For me, “I am Creation,” and the material Jones used to create the sculpture immediately related to the earliest Gods — women. Most often known as Earth Goddesses, it was the Greeks who dethroned the woman Goddess from being the most significant and put Zeus at the top of the God hierarchy.

Second place went to Jeanne Ciravolo for work titled “Woman.” An actual dish towel hangs on the gallery wall with threads sewn into the higher section of the surface to create a face. In an irregular amorphic pattern, the strings hang independently of the design off the surface of the worn striped material. On the bottom right section, she has sewn parts of what looks like to be a red plastic mesh bag, the type one might purchase at the store with potatoes or onions in it.

Understanding the traditional hierarchy for what we value in art is a construction perpetuated by the politics of art, whoever is in power, and who has access to education. Ciravolo recontextualizes everyday objects which are very familiar to the role of women throughout history, as well as today, and elevates them to an ‘object of art’ — she has created a new meaning of a dish towel, as a political object for us to interpret. When we compare a dish towel to a sculpture or painting, Ciravolo is in full feminist mode — we are to examine what a work of art is and especially when women were historically restricted from studying art, much less making it.

“Untitled (Stepfamily)” by Rebecca Chappelear, earned third place with her large 30”x40” photograph of a young woman. We cannot see her face since the photograph ends below her head, she wears a tight T-16ashirt. The close-up view blurs the background of a figure sitting, arms crossed in an ordinary room, if anything the environment seems familiar. As we scan the image, we soon discover the subtle hand mark left on her upper arm. It is at that moment we become mesmerized: the familiar becomes unfamiliar, then it reverses, and we experience the unfamiliar becoming familiar. We are caught in a type of circular looking which leads to the circle of violence against women that was relevant in the second and third phases of the feminist movement.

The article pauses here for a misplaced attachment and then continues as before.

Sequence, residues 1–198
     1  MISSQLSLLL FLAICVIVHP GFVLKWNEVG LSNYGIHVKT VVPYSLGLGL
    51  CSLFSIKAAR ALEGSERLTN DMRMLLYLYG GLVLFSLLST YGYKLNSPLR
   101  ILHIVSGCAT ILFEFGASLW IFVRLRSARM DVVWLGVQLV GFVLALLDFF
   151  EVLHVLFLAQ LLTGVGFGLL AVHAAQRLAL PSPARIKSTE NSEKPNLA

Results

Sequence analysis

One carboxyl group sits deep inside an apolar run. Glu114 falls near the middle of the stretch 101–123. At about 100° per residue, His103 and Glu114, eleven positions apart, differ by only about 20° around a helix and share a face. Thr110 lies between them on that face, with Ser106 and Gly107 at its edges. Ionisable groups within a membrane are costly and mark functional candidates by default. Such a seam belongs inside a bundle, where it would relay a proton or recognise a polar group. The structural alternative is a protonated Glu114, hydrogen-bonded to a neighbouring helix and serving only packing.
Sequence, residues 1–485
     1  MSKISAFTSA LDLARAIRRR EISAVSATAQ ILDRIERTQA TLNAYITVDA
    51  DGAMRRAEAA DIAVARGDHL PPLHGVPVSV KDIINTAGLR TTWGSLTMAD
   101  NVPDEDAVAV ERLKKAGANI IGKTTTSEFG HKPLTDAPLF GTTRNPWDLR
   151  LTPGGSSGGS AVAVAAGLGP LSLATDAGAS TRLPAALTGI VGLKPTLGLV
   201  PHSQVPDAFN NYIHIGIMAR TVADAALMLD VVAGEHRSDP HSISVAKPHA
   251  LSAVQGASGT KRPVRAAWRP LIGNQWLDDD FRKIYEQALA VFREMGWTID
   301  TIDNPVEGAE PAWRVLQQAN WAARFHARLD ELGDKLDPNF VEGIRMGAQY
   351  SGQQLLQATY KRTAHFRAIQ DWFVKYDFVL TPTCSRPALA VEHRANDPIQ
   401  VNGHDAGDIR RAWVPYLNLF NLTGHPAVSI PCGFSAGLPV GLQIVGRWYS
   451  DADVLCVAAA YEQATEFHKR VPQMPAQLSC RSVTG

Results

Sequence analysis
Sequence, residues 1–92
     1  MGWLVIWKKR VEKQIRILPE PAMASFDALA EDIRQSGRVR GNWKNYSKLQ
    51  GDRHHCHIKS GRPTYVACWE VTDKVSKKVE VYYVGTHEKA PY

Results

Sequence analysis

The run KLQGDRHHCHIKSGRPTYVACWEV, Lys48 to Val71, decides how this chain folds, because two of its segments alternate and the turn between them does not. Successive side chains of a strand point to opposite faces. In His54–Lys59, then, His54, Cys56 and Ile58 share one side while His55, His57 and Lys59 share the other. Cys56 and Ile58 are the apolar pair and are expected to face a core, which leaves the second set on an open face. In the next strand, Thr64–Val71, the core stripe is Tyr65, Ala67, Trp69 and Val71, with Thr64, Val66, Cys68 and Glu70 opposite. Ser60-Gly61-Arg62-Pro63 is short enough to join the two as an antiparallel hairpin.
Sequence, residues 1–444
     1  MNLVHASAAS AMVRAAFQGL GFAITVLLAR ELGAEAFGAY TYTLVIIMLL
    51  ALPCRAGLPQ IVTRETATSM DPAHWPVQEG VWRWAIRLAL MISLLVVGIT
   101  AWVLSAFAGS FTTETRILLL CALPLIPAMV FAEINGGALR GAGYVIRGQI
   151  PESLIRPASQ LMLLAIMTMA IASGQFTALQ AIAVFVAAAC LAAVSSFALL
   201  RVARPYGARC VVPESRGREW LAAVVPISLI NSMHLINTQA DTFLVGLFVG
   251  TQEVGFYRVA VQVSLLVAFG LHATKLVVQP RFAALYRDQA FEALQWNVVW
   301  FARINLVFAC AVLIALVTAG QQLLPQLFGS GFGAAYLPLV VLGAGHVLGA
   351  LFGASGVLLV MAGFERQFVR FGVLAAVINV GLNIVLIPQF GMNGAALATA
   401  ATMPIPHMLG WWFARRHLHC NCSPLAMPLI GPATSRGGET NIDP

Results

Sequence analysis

So many exceptional works in the exhibit, visitors will have their own opinion about which artists should have earned awards. But a juror also has to make choices. Honorable mentions went to the following artists:

“Emergent,” by Beverly Henderson, is a life-size portrait in clay and stone; “Diabla Leon” is a large relief print by Linda Behar; and “Somniferous Bliss” by Johanna Hoge is an 11”x14” ink drawing with embroidery.

I invite visitors to the Rosenthal Gallery to experience the depth of the collective voice in Feminist Insight: Continuing Her Story. The exhibit will be up until April 22 for visitors to discover the many ways in which the artists are expressing diverse views about power, gender, self, inclusivity, and intersectionality.